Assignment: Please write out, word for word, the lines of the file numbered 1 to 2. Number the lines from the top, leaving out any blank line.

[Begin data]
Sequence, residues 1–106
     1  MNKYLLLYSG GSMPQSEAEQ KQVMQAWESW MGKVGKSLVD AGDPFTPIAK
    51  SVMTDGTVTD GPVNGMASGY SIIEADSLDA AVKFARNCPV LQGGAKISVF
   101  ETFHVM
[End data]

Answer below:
Sequence, residues 1–106
     1  MNKYLLLYSG GSMPQSEAEQ KQVMQAWESW MGKVGKSLVD AGDPFTPIAK